A publication of the Archaeological Institute of America
The Mirador Basin in the far northern Petén region of Guatemala is known for its abundance of sites, many of which are among the largest and earliest in the Maya world. Of 26 known sites, only 14 have been studied; an estimated 30 more await discovery. By the time scholars get there, looters may already have plundered them.
Trafficking in Maya artifacts is big business. George Stuart of the National Geographic Society has suggested that 1,000 pieces of fine pottery leave the Maya region each month, not an unreasonable estimate in light of the site damage I have observed. The most sought-after finds are codex-style ceramics, Late Classic (A.D. 600-900) black-line-on-cream pottery depicting mythological and historical events. Looters are often paid between $200 and $500 per vessel. Collectors may pay more than $100,000 for the same pieces in a gallery or at auction. At even minimal prices this amounts to a $10-million-a-month business in stolen cultural property. Collecting Precolumbian art is often viewed as a justifiable means of preserving the past. It is, in fact, a destructive and sometimes violent business, as attested by the recent assassination in Carmelita of Carlos Catalán, a local chiclero who had become a staunch opponent of looting in the Petén.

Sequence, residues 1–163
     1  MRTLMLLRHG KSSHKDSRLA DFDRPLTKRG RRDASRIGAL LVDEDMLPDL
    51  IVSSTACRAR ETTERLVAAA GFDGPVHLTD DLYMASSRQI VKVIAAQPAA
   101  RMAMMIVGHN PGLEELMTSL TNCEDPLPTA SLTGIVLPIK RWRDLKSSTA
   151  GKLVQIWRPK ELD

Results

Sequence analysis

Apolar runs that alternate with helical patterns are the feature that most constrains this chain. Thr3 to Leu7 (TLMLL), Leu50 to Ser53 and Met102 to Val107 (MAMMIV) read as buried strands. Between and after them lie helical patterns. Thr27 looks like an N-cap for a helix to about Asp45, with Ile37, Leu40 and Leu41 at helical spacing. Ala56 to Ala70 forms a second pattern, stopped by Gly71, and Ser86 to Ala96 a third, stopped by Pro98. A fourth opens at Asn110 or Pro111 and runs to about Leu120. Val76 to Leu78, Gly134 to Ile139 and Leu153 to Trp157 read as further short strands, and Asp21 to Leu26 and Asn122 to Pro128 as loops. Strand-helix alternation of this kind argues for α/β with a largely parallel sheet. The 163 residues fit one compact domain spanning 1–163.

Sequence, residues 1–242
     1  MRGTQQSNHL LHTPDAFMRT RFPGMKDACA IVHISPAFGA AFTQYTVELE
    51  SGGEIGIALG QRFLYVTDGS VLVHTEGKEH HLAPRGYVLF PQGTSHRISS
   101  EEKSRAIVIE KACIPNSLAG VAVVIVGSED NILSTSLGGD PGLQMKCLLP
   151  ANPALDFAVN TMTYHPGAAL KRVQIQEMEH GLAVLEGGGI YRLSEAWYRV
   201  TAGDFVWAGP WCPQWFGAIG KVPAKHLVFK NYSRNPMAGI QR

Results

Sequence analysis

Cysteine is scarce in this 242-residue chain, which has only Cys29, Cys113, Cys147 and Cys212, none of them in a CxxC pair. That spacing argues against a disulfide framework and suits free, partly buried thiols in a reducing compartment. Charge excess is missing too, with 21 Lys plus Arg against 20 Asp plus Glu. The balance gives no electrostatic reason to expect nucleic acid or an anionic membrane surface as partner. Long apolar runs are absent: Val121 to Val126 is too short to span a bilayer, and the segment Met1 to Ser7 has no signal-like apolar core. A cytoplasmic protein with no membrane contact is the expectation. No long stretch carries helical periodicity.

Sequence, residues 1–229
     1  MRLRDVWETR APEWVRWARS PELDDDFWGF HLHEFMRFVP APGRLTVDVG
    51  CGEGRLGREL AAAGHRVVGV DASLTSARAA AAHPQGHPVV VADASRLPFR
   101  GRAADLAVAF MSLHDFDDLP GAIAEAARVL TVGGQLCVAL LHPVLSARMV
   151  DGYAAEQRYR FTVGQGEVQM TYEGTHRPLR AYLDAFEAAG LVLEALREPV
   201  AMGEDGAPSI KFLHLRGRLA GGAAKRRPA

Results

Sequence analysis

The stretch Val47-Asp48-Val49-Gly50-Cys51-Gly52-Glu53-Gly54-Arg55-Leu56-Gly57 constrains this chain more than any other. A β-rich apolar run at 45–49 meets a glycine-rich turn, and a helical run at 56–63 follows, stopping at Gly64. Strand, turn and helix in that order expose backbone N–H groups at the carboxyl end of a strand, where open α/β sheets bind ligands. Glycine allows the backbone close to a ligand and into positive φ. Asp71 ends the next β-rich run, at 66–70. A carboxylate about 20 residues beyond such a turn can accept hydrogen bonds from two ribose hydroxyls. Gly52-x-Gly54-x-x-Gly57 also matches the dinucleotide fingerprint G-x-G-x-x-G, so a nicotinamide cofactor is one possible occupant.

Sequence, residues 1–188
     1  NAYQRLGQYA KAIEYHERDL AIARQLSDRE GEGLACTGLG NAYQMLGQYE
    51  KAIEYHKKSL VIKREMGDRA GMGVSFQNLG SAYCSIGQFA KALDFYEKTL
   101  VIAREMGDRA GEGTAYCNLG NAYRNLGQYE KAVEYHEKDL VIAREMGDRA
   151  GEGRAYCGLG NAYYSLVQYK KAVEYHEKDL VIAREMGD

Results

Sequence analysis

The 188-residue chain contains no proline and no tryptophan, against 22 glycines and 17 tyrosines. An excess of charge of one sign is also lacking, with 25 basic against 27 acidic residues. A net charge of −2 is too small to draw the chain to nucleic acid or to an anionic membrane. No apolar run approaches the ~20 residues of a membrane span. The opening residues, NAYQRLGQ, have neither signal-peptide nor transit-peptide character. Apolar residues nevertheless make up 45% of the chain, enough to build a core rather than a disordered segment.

Richard D. Hansen is an assistant research scientist at the Institute of Geophysics & Planetary Physics, University of California, Los Angeles.